1 - Flickr photos that are licensed as free to use with attribution. These are photos that the Flickr user has said you can use on your blog IF you give them attribution for the pic. I always link back to their Flickr account and to the CC license, as I did at the end of this post, for the above sunset image. And it's just a good idea to 'thank' the person that let you use their photo. But this is an AMAZING source of stunning visuals. If you can't find a gorgeous picture for your post via this search, you probably aren't looking hard enough.

2 - This site also has amazing photos and visuals, but they are for sale. Still, a great site to find visuals for your posts, and I often buy images there to use in my presentations.

3 - Embedding videos in blog posts. Ok what if you've racked your brain and simply can't find the 'right' image for your post. What about adding a video? Many (but not all) of the videos on sharing sites such as YouTube allow you to embed them in blog posts. And an informative or funny (like the Darth Vader 'Thriller' video below) video is often much more effective than a visual.

So that's three quick tips on how you can make your blog posts prettier. I know you guys must have some ideas of your own, so how are you adding more visual 'pop' to your posts?

Pic of sunset via Flickr user kcdsTM

Wednesday, October 14, 2009

My 'first date' with Google Wave

I've finally had a chance to spend a couple of hours with Google Wave, and I wanted to give you my VERY early impressions. I'll say up front that it's completely possible that I'll change my opinion dramatically yay or nay on Wave from what I state here, but still wanted to let you know what I think early on. I've noticed with most social media sites/tools that I tend to change how I use them over time.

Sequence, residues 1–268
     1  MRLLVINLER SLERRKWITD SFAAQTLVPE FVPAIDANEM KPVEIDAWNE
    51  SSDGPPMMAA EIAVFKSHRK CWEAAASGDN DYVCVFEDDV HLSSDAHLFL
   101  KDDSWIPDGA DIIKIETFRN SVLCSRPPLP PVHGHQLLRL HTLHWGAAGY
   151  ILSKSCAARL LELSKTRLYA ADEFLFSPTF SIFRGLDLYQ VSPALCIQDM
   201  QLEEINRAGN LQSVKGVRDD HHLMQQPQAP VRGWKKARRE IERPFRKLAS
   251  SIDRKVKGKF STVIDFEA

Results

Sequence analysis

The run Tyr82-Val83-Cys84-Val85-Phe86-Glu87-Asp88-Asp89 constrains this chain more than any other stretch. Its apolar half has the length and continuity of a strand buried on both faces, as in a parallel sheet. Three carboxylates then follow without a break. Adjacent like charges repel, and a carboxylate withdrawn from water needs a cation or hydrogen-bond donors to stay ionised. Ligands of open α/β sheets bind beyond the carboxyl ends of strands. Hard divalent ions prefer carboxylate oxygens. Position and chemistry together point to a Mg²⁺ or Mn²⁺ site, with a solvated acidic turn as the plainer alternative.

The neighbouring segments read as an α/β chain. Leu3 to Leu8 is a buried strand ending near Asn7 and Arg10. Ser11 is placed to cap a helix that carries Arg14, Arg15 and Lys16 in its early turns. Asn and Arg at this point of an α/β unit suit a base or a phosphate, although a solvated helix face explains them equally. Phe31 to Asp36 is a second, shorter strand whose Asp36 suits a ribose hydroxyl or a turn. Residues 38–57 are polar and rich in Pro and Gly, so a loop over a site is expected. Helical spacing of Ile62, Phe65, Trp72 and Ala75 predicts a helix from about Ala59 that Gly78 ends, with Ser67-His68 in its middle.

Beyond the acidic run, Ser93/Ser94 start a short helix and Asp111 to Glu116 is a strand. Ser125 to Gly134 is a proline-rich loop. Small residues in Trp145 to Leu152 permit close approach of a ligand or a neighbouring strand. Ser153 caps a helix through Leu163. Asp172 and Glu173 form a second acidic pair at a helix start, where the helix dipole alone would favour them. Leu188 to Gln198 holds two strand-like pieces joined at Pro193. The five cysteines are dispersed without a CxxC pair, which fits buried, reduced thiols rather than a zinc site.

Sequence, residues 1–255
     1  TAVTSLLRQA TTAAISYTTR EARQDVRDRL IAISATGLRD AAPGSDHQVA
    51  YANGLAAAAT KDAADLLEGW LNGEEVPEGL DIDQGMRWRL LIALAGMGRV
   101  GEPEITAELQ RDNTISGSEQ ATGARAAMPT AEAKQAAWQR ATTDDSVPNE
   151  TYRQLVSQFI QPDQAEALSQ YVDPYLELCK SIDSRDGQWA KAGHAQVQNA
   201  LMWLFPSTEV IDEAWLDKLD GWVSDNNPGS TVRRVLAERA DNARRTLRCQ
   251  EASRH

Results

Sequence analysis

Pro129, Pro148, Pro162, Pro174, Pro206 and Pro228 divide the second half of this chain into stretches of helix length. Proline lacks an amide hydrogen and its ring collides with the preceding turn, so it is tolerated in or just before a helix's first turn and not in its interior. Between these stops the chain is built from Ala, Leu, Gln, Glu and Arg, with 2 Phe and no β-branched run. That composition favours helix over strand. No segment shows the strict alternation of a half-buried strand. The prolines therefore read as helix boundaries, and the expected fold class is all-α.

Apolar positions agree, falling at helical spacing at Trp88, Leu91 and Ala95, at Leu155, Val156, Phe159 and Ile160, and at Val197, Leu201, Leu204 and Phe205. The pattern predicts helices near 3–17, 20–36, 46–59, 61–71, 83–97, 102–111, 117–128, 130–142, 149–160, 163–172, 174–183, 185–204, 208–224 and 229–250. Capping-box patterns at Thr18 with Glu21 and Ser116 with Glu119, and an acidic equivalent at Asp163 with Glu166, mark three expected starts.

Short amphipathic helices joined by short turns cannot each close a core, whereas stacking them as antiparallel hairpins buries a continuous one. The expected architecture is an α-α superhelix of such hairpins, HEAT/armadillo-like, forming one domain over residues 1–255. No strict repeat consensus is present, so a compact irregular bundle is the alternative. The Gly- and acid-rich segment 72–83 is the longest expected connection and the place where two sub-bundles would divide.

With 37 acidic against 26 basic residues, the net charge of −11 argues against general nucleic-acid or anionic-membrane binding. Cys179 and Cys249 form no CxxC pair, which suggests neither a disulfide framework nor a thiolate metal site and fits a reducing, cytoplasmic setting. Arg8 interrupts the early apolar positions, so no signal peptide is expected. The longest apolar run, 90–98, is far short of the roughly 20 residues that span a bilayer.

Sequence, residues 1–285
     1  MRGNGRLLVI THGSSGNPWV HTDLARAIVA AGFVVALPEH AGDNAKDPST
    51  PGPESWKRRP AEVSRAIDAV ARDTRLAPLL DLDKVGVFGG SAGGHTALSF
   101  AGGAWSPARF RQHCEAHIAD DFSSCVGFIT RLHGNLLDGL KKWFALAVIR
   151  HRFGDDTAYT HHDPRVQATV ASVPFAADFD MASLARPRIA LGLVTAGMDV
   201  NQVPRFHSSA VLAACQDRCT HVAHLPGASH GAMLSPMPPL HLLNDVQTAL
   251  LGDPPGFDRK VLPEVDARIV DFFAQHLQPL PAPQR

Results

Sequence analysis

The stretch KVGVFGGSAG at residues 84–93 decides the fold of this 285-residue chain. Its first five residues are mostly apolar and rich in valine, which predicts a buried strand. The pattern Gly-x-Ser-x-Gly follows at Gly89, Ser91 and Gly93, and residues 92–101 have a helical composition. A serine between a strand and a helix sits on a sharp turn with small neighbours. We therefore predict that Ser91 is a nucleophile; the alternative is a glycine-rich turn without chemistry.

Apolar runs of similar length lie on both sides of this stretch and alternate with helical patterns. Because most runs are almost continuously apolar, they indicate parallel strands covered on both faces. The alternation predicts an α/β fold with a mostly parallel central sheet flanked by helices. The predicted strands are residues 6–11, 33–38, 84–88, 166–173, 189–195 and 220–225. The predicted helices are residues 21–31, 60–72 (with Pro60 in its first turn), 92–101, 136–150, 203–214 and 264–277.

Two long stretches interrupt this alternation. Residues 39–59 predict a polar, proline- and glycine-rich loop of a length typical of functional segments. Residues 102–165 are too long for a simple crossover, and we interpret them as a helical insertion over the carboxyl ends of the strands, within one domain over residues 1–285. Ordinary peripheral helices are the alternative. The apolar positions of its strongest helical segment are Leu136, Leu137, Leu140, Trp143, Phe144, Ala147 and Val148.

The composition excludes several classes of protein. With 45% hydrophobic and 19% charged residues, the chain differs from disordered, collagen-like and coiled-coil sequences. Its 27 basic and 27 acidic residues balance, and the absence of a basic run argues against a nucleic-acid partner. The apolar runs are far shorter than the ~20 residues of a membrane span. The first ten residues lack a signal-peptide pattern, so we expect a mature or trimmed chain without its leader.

As for Google Wave, my initial impression is that it's a souped up IM service. And for me as an individual, I don't see a ton of 'wow' factor happening here, since I don't often have a need to connect with small groups of people and collaborate on ideas, which is where I think Wave has some value.

But I can see how Wave could benefit a company, especially a virtual company (Ann and the gang at Marketing Profs, I'm looking at you), in giving them the ability to collaborate on ideas in one space.

The main backbone of Google Wave is the ability to create messages, which Google calls Waves. It seems as if Google is trying to position Waves as being Email 2.0, but it really looks to me like IM 2.0.

I can create a Wave that's 5 paragraphs, and send it to Beth. Beth can then go in and break up the Wave and reply to each paragraph. I can then reply to each point Beth made.

Now let's say at this point we decide that we want to bring Amy and Jason into our Wave and get their ideas on what we've been talking about. First, they are going to see a Wave that's probably confusing as hell, because it will be my original 5-paragraph Wave, which was then broken into 5 parts (where Beth replied to each paragraph), and then I replied to each of Beth's replies. So it looks like a complete cluster to anyone that joins the Wave at this point.

But Google Wave would give Amy and Jason the ability to 'replay' the wave and see how it was created. They could first see the 5-paragraph wave I wrote, then see Beth break it down into replies for each paragraph, them my replies to her replies. So it's less confusing.